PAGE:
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Make moist and flavorful chicken with this simple marinade recipe! Whether you’re grilling chicken breasts, thighs or tenders, this Chicken Marinade is a great, all-purpose recipe. A little more savory than my steak marinade, but just as easy!
Why Bother Marinating Chicken?
While a little salt and pepper on a grilled piece of chicken is great and fine, a piece of chicken that has been marinated first will add moisture, flavor and a little extra insurance that it won’t completely dry out on the grill. I keep my chicken marinade flavors simple to really enhance the flavor of the chicken without adding too many competing flavors (similar to the flavors on my baked chicken legs). It’s a simple method, but one that works beautifully.
A Little Science Behind Marinades
Marinating meat works because the cuts of meat have semi-permeable membranes. Liquids containing salt and sugar (and other flavoring agents) can cross through that membrane and quite literally flavor the meat from the inside out. While my steak marinade is sweeter, this chicken marinade is more on the savory side.
Favorite Spices to Use
I didn’t go too crazy with my flavorings here and prefer the dried to the fresh because I didn’t want huge punches of flavor. Most of the time, dried spices are more mellow in flavor. Of course feel free to substitute fresh garlic or onion for the dried variety or dijon mustard for the dried.
How to Make Chicken Marinade
Place all dried seasoning and spices into the bottom of a large bowl or plastic container meant for marinating. Whisk in olive oil to create a paste, then whisk in water.
Add in up to two pounds of chicken to marinate. Stir to coat well and refrigerate for up to 48 hours before cooking.
Cook chicken as desired until it reaches an internal temperature of 165 degrees F.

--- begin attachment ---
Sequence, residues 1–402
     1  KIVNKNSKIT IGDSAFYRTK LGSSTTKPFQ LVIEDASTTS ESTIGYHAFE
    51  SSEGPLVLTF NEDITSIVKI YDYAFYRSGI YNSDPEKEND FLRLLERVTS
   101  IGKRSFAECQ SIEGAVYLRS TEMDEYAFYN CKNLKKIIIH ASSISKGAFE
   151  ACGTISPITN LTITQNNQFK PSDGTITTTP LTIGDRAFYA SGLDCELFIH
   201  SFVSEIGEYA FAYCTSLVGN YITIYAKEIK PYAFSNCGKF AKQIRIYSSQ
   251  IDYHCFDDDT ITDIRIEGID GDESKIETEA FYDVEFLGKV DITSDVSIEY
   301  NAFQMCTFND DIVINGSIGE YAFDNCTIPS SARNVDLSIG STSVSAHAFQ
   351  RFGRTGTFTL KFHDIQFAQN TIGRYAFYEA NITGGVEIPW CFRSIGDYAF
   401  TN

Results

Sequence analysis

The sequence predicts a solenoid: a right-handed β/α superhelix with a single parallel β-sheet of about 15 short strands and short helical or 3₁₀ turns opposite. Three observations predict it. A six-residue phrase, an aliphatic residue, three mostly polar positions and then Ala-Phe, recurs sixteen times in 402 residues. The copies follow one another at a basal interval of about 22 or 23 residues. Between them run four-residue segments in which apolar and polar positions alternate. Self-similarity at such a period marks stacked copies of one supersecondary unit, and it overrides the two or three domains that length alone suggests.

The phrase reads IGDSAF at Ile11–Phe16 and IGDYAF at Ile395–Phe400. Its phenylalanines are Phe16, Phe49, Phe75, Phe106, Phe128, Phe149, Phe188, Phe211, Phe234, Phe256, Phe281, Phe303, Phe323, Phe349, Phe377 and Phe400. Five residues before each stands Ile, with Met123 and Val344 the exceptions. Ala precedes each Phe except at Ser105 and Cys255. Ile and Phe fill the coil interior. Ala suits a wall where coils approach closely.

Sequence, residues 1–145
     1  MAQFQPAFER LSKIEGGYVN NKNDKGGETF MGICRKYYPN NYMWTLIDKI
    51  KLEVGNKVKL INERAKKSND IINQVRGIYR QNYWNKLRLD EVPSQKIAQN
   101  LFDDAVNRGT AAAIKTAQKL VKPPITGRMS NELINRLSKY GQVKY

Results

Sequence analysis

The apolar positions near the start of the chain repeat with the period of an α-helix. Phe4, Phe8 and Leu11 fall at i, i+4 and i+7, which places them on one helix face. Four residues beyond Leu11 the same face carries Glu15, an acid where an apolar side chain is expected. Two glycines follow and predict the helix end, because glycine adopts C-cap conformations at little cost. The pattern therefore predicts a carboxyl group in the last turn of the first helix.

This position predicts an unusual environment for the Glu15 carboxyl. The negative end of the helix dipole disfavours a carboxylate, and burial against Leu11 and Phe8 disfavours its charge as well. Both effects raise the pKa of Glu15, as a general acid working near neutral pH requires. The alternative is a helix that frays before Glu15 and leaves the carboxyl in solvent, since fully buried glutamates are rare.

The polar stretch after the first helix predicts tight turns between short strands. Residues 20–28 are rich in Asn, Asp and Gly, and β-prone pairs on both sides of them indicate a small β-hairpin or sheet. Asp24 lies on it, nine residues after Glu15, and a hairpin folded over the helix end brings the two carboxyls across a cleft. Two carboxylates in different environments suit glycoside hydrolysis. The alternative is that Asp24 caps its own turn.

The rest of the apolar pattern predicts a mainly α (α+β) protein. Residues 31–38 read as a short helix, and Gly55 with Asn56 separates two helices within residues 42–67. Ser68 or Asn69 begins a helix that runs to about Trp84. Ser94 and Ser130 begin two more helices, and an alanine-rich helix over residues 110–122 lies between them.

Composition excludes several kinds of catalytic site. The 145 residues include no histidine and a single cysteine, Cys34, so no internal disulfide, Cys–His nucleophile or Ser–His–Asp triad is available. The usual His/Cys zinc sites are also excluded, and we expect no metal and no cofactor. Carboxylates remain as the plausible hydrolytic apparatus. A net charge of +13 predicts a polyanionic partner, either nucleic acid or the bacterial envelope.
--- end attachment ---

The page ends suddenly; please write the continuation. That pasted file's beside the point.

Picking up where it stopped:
How Long to Marinate Chicken
The longer you can let your chicken marinate, the better! The more time the meat has to absorb all that flavor, the more flavorful it will become. I would recommend marinating all meat for a minimum of 2 hours and a maximum of 48 hours. It does start to break down after two days. 12-24 hours is the sweet spot for sure.
Best Cuts of Chicken for Marinating
While you can technically marinate any cut of meat, there are some that will handle it better and get the maximum benefits. Generally, cuts that could use extra moisture, extra flavor or a little tenderizing will work well in a marinade. Also, cuts that don’t have skin or bones work best. The more surface area on the muscle to soak up the marinade, the better. When it comes to chicken, here is what will work best:
- boneless, skinless chicken breasts
- chicken tenders
- skinless chicken thighs (boneless or bone in are fine)
- chicken legs or wings – would recommend marinating at least 24 hours for the marinade to really work its way through the skin to the meat beneath.
Favorite Cooking Methods
With summer still upon us, I would suggest grilling is the best way to cook a good marinated piece of chicken. But searing the chicken in a skillet on the stovetop is your next best bet. Get the pan really hot to sear in the juices and then cook until it reaches an internal temperature of 165 degrees F.
What to Serve with Chicken
So many options here! While I have a huge list of side dishes in my recipe archive, here are a few of our family favorites:
- Baked Potatoes
- Grilled Corn on the Cob
- Creamy Potato Salad
- Caprese Salad
- Air Fryer Brussels Sprouts
- Homemade Kettle Chips
- Wedge Salad
So there you have it! A delicious and simple Chicken Marinade that keeps your chicken moist and tender! Hope you love it as much and my family did. Have a great day, friends!
Best All Purpose Chicken Marinade
- 1 large, airtight container
- Place all dried seasoning and spices into the bottom of a large bowl or plastic container meant for marinating. Whisk in olive oil to create a paste, then whisk in water.
- Add in up to two pounds of chicken to marinate. Stir to coat well and refrigerate for up to 48 hours before cooking.
- Cook chicken as desired until it reaches an internal temperature of 165 degrees F.